After a sunny, unseasonably warm day and the temperatures drop to freezing at night, cracks are caused by moisture rapidly expanding within the tree's xylem and phloem, causing a split to occur the length of the trunk.
Frost Crack Affects Trees that Are:
Situated in open, exposed, isolated & in full sun exposures.
Tree planted in heavy clay & soggy soils
Been severely pruned
Improper fertilizer timing when late growth hasn't "hardened off"
Recovering from summer drought followed by excessive water in the fall
Prevent frost crack in deciduous trees by not overwatering and leaving tree roots in soggy soil before a significant freeze. Stop fertilizer in July so new growth has had time to be ready for the cold and don't prune too severely whenever possible.
There are tree trunk wraps available that are white or light-colored, reflecting the bright sun and help prevent frost crack from occurring. Do not use black drain tile or black or dark-colored trunk protectors as they heat up until the sun drops and creates cracking.
While Frost Crack doesn't spell instant death, it does mar your tree and can lead to future issues if not healed or treated by an Arborist. Insects and diseases can enter the tree's insides easily through these cracks if left untreated.
Last But Not Least:
When you are done watering, you will need to drain your hose and turn off the faucet in your basement to prevent costly damage. Never use your underground sprinklers or drip irrigation in winter. You also should have mulched your plants for the winter.
Just a small amount of forethought and effort ensures your tree and shrub's survivability during the toughest parts of the season. With some adequate moisture, you will be able to help your plants through the bleak winter months for a colorful spring!
Let NatureHills.com help you plan your garden, even in the bleak winter months, and help keep your landscape looking its best all year long!
Learn about the Top 5 Winter Interest Plants, so your winter garden is just as beautiful as the rest of the year!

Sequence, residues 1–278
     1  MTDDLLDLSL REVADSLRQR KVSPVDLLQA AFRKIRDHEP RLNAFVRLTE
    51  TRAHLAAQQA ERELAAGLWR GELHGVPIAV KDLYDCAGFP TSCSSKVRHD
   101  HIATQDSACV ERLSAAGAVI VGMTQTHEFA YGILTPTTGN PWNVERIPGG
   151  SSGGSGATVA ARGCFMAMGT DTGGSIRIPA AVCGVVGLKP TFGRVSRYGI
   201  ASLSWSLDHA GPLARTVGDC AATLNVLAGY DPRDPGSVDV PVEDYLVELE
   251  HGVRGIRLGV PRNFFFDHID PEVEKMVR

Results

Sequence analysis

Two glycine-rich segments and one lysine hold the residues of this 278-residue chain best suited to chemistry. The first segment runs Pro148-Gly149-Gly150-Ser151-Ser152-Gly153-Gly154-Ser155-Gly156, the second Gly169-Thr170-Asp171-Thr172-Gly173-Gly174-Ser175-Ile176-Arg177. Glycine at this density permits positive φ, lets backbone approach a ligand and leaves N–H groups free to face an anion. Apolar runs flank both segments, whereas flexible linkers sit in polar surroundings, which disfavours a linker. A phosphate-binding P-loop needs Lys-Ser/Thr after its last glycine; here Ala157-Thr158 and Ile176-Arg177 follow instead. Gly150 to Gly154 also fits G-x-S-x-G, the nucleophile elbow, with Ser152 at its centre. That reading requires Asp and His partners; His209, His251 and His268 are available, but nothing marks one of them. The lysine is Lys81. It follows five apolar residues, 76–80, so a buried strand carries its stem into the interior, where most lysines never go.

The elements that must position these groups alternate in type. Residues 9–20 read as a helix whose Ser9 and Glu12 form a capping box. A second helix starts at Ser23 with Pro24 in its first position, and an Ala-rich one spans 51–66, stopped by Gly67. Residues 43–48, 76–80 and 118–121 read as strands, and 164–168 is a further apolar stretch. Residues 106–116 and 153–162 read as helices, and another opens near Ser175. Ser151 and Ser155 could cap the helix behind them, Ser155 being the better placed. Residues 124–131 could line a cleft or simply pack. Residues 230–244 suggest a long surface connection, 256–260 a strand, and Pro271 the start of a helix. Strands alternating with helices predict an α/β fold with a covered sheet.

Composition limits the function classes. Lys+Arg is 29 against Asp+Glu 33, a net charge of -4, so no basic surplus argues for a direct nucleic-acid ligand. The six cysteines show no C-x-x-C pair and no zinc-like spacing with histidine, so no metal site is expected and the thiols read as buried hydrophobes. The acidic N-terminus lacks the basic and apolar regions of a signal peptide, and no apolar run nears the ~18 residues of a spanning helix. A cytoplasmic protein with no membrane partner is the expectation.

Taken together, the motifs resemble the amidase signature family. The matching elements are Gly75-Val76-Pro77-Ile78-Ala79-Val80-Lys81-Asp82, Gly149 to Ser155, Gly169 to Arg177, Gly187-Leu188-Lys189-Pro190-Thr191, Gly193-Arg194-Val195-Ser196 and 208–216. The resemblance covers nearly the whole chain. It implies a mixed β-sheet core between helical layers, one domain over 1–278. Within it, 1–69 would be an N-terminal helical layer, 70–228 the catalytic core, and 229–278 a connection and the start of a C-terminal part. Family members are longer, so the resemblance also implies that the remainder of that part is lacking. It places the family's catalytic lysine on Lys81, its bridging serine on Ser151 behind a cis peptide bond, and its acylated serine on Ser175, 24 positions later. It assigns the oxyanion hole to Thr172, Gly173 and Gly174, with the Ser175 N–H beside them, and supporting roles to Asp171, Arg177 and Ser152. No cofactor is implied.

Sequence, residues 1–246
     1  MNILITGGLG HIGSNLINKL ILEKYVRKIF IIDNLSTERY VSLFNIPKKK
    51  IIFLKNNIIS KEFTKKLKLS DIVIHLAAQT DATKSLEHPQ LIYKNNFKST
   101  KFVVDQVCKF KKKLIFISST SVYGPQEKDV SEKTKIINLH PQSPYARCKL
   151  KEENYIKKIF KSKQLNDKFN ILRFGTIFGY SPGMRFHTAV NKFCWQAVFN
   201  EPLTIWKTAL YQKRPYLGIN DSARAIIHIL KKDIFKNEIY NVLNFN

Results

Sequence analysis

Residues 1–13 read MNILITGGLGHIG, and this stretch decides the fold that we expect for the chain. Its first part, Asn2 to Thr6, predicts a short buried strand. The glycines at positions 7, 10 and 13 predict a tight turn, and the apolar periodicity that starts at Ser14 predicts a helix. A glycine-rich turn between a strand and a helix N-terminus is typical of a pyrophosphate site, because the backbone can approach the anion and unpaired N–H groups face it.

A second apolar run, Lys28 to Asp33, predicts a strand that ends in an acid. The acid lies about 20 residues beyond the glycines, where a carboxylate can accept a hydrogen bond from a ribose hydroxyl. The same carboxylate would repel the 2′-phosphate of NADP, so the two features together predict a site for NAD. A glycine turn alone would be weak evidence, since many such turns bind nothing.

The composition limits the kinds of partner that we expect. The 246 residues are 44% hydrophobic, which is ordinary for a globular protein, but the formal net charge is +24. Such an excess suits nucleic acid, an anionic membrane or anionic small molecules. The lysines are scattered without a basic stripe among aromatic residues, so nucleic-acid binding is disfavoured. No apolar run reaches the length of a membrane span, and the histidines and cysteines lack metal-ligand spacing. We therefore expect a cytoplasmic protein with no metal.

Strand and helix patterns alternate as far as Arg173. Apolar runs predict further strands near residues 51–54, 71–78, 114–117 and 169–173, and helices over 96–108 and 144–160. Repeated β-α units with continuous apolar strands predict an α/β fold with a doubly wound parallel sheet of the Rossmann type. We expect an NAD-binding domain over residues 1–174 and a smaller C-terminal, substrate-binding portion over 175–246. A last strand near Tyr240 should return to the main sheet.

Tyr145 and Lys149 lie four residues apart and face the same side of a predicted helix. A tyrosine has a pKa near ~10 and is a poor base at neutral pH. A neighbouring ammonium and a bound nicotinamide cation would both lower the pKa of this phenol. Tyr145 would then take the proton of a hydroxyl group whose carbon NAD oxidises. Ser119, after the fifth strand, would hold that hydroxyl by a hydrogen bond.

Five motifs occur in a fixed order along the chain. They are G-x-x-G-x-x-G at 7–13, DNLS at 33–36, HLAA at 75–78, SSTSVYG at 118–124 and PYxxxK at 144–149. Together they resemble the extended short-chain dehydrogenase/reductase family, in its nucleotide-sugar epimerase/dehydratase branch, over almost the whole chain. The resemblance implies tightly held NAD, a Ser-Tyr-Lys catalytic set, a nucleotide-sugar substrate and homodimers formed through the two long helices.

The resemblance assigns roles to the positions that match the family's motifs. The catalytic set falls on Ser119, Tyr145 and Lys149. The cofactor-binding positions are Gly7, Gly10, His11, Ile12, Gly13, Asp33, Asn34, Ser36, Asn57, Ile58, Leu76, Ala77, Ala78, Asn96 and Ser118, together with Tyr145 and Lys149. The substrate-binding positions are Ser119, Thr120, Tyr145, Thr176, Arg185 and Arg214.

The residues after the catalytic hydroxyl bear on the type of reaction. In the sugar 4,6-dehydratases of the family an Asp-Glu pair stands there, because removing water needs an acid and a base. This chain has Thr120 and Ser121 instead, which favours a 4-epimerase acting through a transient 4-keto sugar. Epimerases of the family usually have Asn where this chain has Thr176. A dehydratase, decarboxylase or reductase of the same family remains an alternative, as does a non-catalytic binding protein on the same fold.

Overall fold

The Thuja family has long been a beloved landscaping staple when it comes to creating structures within the garden. Arborvitaes create a classic look while offering functional peace of mind through organization and presentation.
Here at NatureHills.com we LOVE our Arborvitae varieties and know that they can add great value and beauty to your landscape. We know you’re going to love them too!
Whether you’re growing the Emerald Green Arborvitae, the Green Giant Arborvitae, or any of the many varieties that we sell, there are a few things that you should know about caring for it. These tips will help keep your Thuja tree or shrub happy and healthy for years to come!
We offer a WIDE variety of Arborvitaes to choose from and picking which one is right for you is not always an easy choice! Here are some things you’ll want to consider when choosing the right one for your landscape.
What To Ask Before Purchasing:
Where do you want it to go?
How big do you want it to get?
What type of maintenance do you want to provide?
Do you want seasonal foliage?
What type of environment am I providing for the plant?
Is it environmentally friendly for where I want to plant it?
Asking these questions will help you quickly determine whether this plant variety is the right choice for you. Another benefit to answering these questions is it can help narrow down which variety of Arborvitae you may want in your landscape.
What To Know Before Planting:
Great for Zones 3-7
Mature Growth is Expected at 10’-15’
Some Varieties Grow Quickly and Others Grow More Slowly
Full Sun Preference
Soil Preference: Acidic, Loamy, Moist, Rich, Sandy, Silty Loamy, Well Drained, Wet & Clay Soils
Choosing the Right One
It’s important to mention that the type of variety that you choose will influence how quickly the variety grows, both vertically and horizontally. Some varieties are bushier and other varieties are more narrow.